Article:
All areas of golf economics have trended down for a decade, while Washington, which has held a Tour event in 37 of the past 39 summers, still has ideal golf demographics. Money makes predictable bedfellows. The D.C.-PGA Tour match — profitable in the past with weekly crowds of 120,000, sometimes at a mundane course, for events with few stars — may find a spark of romance again.
This breakup happened once before. By 2006, Tour pros had come to dislike this course, owned by the Tour itself, of which Tom Kite once said, “Why did they cut down the 10,000 trees?” Summer storms often made the event a nightmare, with quagmire parking lots and multi-hour traffic jams. Fans often felt as if they had stumbled into an episode of “Survivor.”
Woods brought a Tour event back to Washington 11 years ago. He dreamed up a Fourth of July-themed event that was glamorous for several years, including seven tournaments played at Congressional Country Club.
How things change. These days, getting disassociated from Woods may be part of finding a corporate sponsor to link to a future D.C. Tour event.
Most golf fans probably forgave Woods for his embarrassing sex-capades long ago. Crowds certainly cheered his every step this past week as he finished in a tie for fourth. But corporate types, perhaps locked in group-think, have shied away in unison.
If this is the end of annual summer Tour golf in D.C., then how appropriate that it came on a day when a camel would have begged for a drop of water. Tour events here have had some good times, starting with early-career wins by Greg Norman and Fred Couples as well as a pair of titles by Woods and a moving victory by Naval Academy graduate Billy Hurley III just two years ago at Congressional.
Sunday’s winner, Francesco Molinari, one of a paltry four players here this past week who are ranked among the top 40 in the world — barely a third of what any event with self-respect would offer the public — added a memory with a dazzling closing 62 to end at 21-under-par 259 to win by eight shots.
Even Molinari acknowledged that he came to Avenel — redesigned, renamed and improved in 2009 — because he wanted easy pickings in this pack of pigeons in which the highest-ranked players after Rickie Fowler (who represents Quicken Loans) were Marc Leishman and Kiradech Aphibarnrat.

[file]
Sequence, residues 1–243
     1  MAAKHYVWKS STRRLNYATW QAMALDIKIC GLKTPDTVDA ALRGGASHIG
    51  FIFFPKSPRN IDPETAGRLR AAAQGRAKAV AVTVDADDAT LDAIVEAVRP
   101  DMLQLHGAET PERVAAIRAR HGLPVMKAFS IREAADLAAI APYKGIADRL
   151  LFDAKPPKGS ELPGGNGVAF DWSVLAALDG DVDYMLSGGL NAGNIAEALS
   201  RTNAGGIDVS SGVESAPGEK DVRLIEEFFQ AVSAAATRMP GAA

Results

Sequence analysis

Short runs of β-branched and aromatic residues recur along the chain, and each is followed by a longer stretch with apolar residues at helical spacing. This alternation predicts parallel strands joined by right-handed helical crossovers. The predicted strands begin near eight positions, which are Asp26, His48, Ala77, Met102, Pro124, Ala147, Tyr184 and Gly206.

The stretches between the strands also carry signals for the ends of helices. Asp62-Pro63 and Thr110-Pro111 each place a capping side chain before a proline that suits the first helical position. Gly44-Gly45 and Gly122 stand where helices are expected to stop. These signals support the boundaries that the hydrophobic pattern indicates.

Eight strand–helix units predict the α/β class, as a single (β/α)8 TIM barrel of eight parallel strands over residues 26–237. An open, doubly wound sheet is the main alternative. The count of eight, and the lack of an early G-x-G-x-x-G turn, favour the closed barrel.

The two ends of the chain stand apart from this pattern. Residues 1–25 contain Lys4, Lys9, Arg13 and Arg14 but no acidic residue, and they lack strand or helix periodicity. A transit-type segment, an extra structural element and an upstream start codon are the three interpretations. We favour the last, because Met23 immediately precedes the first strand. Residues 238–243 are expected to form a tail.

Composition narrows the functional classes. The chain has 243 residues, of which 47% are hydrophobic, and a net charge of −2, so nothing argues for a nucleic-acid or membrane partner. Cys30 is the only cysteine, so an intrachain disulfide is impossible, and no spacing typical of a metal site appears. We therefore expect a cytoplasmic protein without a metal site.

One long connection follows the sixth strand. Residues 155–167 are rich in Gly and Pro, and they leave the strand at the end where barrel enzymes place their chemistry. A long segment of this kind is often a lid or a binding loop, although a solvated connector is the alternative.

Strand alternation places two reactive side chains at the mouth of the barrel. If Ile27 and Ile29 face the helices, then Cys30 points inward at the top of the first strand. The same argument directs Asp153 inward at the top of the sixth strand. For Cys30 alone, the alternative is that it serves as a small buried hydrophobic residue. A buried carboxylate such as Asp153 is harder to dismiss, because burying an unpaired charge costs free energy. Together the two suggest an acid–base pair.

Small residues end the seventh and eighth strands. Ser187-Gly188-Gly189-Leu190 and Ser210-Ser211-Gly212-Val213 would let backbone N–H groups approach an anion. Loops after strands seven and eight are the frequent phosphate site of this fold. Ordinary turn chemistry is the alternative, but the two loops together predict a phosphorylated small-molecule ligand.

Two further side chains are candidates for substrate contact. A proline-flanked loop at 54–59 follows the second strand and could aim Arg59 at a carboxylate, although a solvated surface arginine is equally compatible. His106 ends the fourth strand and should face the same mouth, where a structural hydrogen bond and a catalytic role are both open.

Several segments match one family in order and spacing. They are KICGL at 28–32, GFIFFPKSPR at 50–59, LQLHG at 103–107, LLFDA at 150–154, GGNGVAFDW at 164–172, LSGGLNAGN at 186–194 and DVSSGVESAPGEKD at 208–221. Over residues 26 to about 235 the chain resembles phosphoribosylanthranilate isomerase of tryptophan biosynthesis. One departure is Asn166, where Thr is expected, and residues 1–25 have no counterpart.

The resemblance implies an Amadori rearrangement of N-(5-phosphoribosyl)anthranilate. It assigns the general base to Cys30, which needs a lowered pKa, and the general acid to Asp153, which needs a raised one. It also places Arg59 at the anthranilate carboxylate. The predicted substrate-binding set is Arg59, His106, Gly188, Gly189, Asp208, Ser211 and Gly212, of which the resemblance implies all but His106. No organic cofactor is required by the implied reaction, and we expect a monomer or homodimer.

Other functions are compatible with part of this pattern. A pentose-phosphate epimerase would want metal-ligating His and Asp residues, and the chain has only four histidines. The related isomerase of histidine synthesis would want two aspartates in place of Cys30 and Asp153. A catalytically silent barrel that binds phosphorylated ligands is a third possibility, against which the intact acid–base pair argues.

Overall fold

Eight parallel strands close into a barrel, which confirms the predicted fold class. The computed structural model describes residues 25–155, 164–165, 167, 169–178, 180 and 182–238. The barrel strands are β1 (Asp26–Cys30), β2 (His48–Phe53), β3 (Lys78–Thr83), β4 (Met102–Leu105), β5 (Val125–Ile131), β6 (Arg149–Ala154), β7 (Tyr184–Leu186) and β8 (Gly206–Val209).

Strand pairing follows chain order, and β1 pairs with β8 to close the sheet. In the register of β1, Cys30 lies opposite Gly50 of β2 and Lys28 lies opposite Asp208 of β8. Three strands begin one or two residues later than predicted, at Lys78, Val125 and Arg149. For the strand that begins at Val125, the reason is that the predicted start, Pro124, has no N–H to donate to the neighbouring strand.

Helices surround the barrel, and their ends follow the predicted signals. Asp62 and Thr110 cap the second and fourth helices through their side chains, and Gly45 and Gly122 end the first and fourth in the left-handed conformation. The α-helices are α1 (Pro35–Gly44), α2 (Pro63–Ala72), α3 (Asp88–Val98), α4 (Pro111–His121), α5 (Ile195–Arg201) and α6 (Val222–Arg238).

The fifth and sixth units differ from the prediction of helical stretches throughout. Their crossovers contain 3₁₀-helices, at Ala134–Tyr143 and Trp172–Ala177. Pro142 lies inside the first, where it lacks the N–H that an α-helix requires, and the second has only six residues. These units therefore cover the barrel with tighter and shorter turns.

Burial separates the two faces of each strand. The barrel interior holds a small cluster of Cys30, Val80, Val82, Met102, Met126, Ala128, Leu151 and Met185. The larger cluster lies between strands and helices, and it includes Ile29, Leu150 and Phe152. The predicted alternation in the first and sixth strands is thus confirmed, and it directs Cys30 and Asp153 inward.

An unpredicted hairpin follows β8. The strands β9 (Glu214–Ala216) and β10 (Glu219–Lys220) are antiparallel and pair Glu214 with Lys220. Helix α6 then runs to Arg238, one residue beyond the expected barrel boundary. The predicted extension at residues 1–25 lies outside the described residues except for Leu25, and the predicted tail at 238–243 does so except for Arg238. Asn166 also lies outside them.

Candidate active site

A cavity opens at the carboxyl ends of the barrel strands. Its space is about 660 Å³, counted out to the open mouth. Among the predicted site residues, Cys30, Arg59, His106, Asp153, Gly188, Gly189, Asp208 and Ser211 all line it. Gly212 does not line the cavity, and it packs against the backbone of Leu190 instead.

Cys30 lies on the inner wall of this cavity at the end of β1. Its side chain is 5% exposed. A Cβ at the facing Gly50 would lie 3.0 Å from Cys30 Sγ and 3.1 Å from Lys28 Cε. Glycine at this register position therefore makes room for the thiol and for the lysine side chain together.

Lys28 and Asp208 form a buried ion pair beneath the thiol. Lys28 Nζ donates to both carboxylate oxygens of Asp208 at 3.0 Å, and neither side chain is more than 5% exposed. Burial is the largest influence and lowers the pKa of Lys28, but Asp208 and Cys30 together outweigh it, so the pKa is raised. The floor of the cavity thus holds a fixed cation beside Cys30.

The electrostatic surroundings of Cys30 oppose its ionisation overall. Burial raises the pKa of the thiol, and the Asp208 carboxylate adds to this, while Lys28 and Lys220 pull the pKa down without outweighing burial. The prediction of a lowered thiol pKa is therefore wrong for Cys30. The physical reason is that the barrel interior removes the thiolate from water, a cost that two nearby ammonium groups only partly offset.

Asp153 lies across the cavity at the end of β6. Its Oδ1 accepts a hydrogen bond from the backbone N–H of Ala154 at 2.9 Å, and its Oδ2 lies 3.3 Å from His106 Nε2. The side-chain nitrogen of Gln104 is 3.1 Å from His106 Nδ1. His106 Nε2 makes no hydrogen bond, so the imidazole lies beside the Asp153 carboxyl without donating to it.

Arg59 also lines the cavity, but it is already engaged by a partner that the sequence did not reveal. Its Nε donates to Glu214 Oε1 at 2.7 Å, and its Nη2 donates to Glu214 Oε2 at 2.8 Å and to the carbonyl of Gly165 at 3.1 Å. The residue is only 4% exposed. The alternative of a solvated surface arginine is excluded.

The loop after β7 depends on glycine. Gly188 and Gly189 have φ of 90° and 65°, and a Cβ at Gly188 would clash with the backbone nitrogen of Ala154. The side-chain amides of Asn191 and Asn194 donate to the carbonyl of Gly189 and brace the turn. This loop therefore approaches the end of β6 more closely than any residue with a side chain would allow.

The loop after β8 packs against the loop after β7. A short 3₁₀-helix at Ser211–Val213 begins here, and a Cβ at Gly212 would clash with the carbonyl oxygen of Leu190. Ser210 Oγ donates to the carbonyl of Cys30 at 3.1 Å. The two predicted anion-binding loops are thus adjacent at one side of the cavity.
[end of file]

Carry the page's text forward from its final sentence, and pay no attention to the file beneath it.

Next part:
“That start on the back nine was incredible,” Molinari said of his eagle-birdie-birdie-birdie-birdie run starting at No. 10. “It was not easy to skip the French Open [on the European Tour where he usually plays]. But I was a long way back in the FedEx standings. I think I made the right decision.”
Easy money, easy points.
“This was as hot as I have ever experienced in my career,” Molinari said of the smoldering weekend with temperatures in the mid-90s on Sunday but a “feels like” index surpassing those numbers. “I kept looking for ice to rub on my face.”
Pro golf’s era in Washington always will be remembered for its bad luck with evil summer weather. Tornadoes, lightning, gales, floods, a blown-down media tent and a derecho in 2012 that tore down dozens of trees at Congressional and forced one round to be played without spectators have become trademarks as well as a local badge of honor. Fans kept coming anyway!
So it stood to reason that, on the last day, the place would just burn up.
For those fans inclined to mourn golf’s departure from D.C., don’t be in a rush to cry. The PGA Tour has never had the resources to be classy. It’s always about following the buck. If you want to know why golf probably will be back, consider how it came to Avenel in the first place.
In the 1980s, former Tour commissioner Deane Beman, a Washingtonian, knew that developers had bought 1,000-acre Avenel Farm to build high-end housing. But a sewage treatment plant was planned in the area. Beman agree to buy 300 acres and put the plant in the center of the golf course; Beman knew the plant actually had no bad smell. Suddenly, those new houses, near the sweet smell of Jack Nicklaus and money, would jump in value.
Beman’s offer for the 300 acres: $1.00. Take it or leave it.
They took it. Then Beman went to his political pals, and, amazingly, the site of the problematic sewage plant suddenly moved to Prince George’s County.
Now, every time the Tour plays an event at TPC Potomac, the Tour saves $1 million to $1.5 million in site fees, which can go into the prize money, rather than find a private club that will charge it that amount to rent a course.
Just watch, the day will come when other Tour stops around the United States fold, as they always have, dates will open on the golf calendar, and suddenly Washington will look like a pot of gold again. Maybe next time, everyone should drive a harder bargain, demand better fields and not be so fast to embrace the prodigal spouse.
It has been fun, all these decades of Tour golf. But it’s also been an education in how sports constantly play one city off against another, vying for a limited supply of events. In the end, when the Tour was ready to skip town, it barely publicized this event. Publicly, Woods maintains that somehow, some way, his event might return in 2019, even though the Tour’s calendar is full and it’s just not happening.
When the day comes that the PGA Tour comes knocking again, and I bet it will, remember this is the outfit that will find a way to buy 300 acres of prime Potomac real estate for $1, that will have fans park in the same hubcap-deep mud fields for years on end, and, when the dance is over, present you with a full-price event in which not one player owns a major tournament and is still close enough to his prime to be in the top 50 in the world.
When it comes to the PGA Tour, two opposite farewell messages both apply: You’re welcome back. But don’t let the door hit you on the way out, either.
For more by Thomas Boswell, visit washingtonpost.com/boswell.
Read more from Post Sports: